Charlie Ballantine
Self Produced

Indianapolis-based guitarist Charlie Ballantine leads his working quintet through a diverse set of six originals and three unique covers, none of them jazz standards. Ballantine credits guitarists Bill Frisell and John Scofield as major influences, but shows off his influences outside of jazz with the funk of opener "Old Hammer" and the distorted blues-rocker "Roads," and plays a gentle fingerstyle arrangement of Stephen Foster's "Gentle Lana Clare" (in a trio with bass and drums). The other covers are Leonard Cohen's modern anthem "Hallelujah" and Tom Waits' "Temptation." He is ably assisted by saxophonist Amanda Gardier, organist Joshua Espinoza, bassist Conner Green and drummer Josh Roberts, all former classmates at Indiana University.

Sound Underground
Quiet Spaces
Self Produced

Sound Underground is a trio with unusual instrumentation: saxophonist David Leon, trumpeter Alec Aldred and guitarist Johan Udall. The members come from all over the United States, but formed the group in 2013 while living together in Miami, giving them a close personal connection as well as a musical one. It's an intimate sound—complete with breath sounds, key and valve clicks, and guitar string noises—made more immediate by recording live and without isolation. Guitarist Udall contributes the lion's share of the compositions—although all three members are represented—and serves as the harmonic glue. He's so foundational that he never takes a conventional guitar solo: the closest he comes is the solo fingerstyle section in "Trio Tune for Tal" (that would be guitar legend Tal Farlow, I'm guessing). The group takes advantage of the recording studio to thicken the sound with overdubbing on "A Moment Fixed In Amber" and "Now I Know;" the bit of outside playing during "Wanderer's Rondo" gives another moment of contrast.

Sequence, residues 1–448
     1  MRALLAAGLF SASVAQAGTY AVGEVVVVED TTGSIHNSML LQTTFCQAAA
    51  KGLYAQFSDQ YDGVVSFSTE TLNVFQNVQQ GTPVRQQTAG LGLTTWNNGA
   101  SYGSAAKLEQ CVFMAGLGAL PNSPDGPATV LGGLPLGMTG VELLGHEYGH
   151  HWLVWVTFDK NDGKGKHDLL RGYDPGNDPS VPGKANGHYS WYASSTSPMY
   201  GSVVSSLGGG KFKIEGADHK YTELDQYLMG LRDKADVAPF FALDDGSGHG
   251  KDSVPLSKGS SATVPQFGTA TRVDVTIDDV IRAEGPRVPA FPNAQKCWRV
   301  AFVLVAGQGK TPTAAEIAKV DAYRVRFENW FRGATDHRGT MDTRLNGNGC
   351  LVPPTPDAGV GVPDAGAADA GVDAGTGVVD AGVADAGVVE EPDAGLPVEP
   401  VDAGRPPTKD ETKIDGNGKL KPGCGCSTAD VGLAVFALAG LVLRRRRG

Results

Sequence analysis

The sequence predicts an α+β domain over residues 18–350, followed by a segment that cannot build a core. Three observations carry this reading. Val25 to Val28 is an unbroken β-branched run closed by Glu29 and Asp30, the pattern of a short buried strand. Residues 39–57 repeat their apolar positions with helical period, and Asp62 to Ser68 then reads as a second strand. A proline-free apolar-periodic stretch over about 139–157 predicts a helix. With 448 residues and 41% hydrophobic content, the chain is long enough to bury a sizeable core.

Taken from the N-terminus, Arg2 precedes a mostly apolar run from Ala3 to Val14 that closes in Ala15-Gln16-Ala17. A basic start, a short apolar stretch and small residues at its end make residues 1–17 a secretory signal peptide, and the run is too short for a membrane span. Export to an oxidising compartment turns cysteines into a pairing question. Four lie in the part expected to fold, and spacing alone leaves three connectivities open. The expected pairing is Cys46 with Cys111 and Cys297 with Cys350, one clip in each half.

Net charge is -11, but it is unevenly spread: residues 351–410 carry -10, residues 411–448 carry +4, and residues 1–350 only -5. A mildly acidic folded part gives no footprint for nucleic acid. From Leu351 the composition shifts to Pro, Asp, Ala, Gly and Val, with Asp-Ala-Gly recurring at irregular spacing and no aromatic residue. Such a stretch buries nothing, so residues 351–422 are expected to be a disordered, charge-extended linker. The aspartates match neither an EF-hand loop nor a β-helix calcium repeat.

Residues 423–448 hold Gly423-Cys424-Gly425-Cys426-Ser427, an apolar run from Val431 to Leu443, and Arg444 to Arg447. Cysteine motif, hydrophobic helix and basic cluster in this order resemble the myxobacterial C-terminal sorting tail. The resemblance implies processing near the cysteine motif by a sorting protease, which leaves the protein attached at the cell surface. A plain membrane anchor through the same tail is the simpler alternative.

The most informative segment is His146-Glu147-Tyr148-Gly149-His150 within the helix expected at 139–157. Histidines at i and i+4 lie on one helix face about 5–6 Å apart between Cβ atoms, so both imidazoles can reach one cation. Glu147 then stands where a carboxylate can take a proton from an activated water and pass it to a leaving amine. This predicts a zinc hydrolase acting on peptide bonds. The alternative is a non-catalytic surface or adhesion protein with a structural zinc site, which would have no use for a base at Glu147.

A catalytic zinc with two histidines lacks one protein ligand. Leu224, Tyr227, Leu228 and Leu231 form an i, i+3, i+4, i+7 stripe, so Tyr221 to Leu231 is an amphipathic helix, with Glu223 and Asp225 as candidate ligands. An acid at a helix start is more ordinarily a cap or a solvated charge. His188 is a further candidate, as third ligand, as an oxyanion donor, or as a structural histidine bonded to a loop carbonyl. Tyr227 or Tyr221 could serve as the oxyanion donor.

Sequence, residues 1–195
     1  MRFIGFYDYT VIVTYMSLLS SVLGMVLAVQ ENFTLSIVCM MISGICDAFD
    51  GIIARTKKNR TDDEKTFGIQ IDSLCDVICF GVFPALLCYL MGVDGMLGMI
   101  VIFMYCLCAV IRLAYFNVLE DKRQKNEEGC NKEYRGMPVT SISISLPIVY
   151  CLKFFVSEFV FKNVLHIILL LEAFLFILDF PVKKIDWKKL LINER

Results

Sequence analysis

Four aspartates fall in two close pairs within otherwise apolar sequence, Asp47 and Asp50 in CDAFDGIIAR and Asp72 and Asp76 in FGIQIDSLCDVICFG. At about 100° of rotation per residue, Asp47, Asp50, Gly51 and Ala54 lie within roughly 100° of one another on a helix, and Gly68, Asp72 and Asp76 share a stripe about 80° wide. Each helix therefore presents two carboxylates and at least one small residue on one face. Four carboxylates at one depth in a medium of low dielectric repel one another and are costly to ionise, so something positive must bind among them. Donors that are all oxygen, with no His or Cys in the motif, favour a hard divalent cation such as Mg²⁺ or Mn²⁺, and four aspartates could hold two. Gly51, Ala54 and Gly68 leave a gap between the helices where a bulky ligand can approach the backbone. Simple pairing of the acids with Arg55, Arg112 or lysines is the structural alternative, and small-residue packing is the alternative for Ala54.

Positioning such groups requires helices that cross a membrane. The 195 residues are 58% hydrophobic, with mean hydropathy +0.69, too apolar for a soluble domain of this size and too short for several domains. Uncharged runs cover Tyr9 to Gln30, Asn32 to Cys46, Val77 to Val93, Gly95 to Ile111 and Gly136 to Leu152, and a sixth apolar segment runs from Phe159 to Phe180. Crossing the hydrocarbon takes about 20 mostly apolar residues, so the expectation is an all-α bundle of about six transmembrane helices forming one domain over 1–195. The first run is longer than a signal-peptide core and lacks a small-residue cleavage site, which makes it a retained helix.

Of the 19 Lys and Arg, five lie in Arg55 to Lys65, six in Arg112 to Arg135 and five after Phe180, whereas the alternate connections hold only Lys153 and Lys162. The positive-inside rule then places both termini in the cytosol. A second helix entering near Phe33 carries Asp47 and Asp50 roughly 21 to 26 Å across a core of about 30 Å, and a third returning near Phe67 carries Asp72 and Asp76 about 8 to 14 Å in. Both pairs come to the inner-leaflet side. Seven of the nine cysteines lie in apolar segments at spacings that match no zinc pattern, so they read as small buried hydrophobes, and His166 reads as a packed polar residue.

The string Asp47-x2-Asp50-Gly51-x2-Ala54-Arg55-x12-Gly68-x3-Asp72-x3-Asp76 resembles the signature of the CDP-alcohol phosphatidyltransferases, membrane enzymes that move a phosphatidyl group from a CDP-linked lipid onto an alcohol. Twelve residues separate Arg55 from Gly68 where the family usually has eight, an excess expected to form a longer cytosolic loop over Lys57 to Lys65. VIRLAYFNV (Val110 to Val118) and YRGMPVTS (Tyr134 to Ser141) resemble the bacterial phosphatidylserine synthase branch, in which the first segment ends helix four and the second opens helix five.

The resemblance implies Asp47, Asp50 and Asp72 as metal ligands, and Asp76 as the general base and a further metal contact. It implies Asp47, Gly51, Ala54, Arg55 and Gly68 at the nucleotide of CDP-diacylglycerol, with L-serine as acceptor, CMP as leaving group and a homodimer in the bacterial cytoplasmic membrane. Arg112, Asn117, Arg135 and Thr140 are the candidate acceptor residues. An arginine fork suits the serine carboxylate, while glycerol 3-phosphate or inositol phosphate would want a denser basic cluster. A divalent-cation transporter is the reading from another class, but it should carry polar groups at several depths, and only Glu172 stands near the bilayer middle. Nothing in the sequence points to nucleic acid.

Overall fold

Kay-Ta Matsuno
LCR Music

Guitarist Kay-Ta Matsuno was born in Osaka, Japan, and moved to Boston to study at the Berklee College of Music. He has since started a career as a session guitarist in Los Angeles. His debut album is a pretty slick affair, mostly groove-funk oriented: stylistically nothing remarkable. But it's still noteworthy, due to Matsuno's monster chops. We're talking Mike Stern-level technique, outstanding in any company. The rhythm section is anchored by Darryl Williams (Bass) and Steven J. Robinson (Drums); special guests include saxophonist Jackiem Joyner, trumpeter Ilya Serov. , and pianist Jonathan Fritzen. There's an unexpected cover of "Sweet Child O' Mine" by Guns N' Roses, but Matsuno saves the biggest surprise for last. He plays the beautiful "Jacaranda" fingerstyle on acoustic guitar, joined only by violinist Leah Zegar (who also plays with Matsuno in the group Quattrosound). It's a lovely way to end the album, as well a demonstration of the kind of range this guitarist is capable of.